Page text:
Employees’ religion or beliefs don’t usually have an impact in their workplace, and actual claims are rarer still. Race and sex discrimination (to take two examples) are much more prevalent in society than discrimination based on religion or belief, but cases involving the latter provoke strong opinions and naturally get more publicity. The Times recently reported on the Pagan Police Association (external website), whose members have now (apparently) been given the right to take time off to celebrate their various festivals.
The article includes a quote from an MP, who states that “it sounds like some kind of prank”, and is fairly typical of how issues such as this are reported. It would have been more useful for the Times to have quoted an employment lawyer or senior HR professional on the matter, which is surely a good example of best practice on equality in the workplace.
In the article, a former Metropolitan Police Assistant Commissioner states his difficulty in understanding “why representative groups have been springing up at such an alarming rate”. Although I’m not sure I agree that the increase (if there even is one) is “alarming”, one obvious reason is that employees are more aware of their employment rights than ever, and that minority groups are prepared to use their voice.
No doubt many people would be surprised at the Pagan Police Association’s success, and might even agree with the MP’s comments, but as far as employment law goes -provided the religion or belief in question meets certain criteria - a unique religion or belief held by just a single person will have the same degree of protection as Islam or Christianity. If an employer treats one protected religious or belief group differently from another, it may well face discrimination claims.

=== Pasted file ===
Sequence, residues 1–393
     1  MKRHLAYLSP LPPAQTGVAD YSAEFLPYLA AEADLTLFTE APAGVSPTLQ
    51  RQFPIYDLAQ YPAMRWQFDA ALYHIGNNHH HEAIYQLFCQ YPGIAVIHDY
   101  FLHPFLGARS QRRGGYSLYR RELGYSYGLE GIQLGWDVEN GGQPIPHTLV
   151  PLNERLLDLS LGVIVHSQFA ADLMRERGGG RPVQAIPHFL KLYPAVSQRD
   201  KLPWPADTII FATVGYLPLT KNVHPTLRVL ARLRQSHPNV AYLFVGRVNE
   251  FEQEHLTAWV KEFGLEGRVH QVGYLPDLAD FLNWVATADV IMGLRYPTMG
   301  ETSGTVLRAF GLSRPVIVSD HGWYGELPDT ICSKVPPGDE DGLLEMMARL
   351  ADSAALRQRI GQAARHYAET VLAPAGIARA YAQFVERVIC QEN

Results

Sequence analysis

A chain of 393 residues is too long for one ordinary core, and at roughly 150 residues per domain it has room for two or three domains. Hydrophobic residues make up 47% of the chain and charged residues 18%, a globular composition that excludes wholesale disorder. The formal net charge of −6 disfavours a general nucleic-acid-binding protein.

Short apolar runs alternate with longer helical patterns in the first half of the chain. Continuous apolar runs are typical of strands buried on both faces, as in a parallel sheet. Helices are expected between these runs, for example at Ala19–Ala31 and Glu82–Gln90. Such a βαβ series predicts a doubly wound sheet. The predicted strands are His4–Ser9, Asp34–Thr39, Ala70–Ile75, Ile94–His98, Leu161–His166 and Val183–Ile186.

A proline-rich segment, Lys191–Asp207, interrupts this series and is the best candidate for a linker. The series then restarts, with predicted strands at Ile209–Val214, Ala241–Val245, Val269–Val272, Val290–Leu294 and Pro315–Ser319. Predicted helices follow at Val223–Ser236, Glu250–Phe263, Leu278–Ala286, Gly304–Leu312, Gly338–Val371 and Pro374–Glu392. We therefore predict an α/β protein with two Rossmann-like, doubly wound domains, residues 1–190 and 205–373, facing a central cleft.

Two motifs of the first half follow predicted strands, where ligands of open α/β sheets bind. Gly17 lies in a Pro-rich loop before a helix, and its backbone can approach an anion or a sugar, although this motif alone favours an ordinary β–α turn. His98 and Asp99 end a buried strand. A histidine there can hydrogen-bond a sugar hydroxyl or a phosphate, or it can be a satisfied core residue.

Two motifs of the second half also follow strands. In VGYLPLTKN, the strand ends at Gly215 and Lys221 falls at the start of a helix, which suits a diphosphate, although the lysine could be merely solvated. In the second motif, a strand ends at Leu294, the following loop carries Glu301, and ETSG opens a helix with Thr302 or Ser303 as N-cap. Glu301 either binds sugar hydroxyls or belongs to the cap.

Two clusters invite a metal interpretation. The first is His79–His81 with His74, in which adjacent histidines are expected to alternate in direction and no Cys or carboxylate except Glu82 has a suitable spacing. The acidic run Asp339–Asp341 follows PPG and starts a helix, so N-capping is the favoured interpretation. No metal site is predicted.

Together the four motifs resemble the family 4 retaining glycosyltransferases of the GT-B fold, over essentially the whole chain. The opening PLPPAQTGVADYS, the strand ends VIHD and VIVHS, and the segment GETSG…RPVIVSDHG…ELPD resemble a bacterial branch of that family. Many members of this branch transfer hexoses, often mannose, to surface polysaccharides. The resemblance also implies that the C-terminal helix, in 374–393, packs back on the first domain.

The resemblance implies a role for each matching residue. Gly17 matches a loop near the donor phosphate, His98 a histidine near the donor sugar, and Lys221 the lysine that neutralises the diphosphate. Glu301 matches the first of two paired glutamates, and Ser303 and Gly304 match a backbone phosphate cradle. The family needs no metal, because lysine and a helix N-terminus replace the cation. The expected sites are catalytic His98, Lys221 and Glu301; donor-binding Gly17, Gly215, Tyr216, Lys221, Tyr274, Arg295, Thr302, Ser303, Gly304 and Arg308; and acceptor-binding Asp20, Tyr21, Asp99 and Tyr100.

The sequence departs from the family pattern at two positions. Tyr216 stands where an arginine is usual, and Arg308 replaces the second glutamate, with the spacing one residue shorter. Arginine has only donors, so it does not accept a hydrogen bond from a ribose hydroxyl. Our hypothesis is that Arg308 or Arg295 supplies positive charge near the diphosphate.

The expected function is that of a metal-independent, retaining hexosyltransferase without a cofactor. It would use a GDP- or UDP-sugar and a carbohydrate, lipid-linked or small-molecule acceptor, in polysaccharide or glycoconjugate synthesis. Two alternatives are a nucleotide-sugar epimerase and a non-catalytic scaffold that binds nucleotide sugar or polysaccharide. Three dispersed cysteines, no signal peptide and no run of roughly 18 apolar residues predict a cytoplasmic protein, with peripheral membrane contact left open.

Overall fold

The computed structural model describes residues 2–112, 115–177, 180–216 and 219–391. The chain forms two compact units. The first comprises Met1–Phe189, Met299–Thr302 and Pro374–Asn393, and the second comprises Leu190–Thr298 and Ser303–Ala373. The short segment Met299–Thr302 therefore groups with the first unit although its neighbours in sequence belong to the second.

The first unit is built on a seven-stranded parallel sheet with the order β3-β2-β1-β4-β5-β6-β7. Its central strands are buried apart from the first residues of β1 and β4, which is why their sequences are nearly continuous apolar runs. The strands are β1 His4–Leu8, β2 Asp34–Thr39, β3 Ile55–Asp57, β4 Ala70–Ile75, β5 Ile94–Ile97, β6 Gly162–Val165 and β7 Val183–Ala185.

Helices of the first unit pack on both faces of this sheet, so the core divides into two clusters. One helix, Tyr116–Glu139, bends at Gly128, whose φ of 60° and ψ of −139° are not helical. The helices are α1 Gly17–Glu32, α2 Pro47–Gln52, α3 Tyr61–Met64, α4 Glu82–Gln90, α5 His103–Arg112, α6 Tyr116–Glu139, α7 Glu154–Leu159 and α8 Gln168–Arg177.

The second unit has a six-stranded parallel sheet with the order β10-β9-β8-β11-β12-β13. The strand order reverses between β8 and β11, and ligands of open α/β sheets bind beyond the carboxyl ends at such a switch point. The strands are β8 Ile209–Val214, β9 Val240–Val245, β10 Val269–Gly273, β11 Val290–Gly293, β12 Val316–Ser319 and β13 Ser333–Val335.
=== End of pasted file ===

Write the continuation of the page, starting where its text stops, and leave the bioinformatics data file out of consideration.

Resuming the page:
Employers (and commentators) need to remember that the law against discrimination isn’t designed to cover only the most widespread of religions or beliefs - and the case of Power v Greater Manchester Police Authority is a recent example of a minority belief system gaining protection. Mr Power’s belief in spiritualism was held by a tribunal - correctly, the Employment Appeal Tribunal stated - to be protected under discrimination law, and the Employment Appeal Tribunal found that if his employer’s decision to dismiss him was motivated at least in part by that belief, it would likely be unlawful discrimination.
You can find objective and informed analysis on religion and belief discrimination on the XpertHR website - without the hyperbole - including dozens of FAQs, including:
- Should employees who practise faiths other than Christianity be given additional annual leave to enable them to celebrate religious festivals?
- Should employees who practise religions other than Christianity be given additional time off in lieu where a bank holiday is aligned to a Christian festival such as Easter?
- How are employees protected from dismissal under the Employment Equality (Religion or Belief) Regulations 2003?